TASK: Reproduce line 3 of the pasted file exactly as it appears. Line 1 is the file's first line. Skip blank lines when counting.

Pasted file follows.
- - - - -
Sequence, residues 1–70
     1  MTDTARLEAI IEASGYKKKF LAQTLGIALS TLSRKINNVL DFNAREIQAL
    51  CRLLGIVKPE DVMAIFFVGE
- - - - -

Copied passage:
    51  CRLLGIVKPE DVMAIFFVGE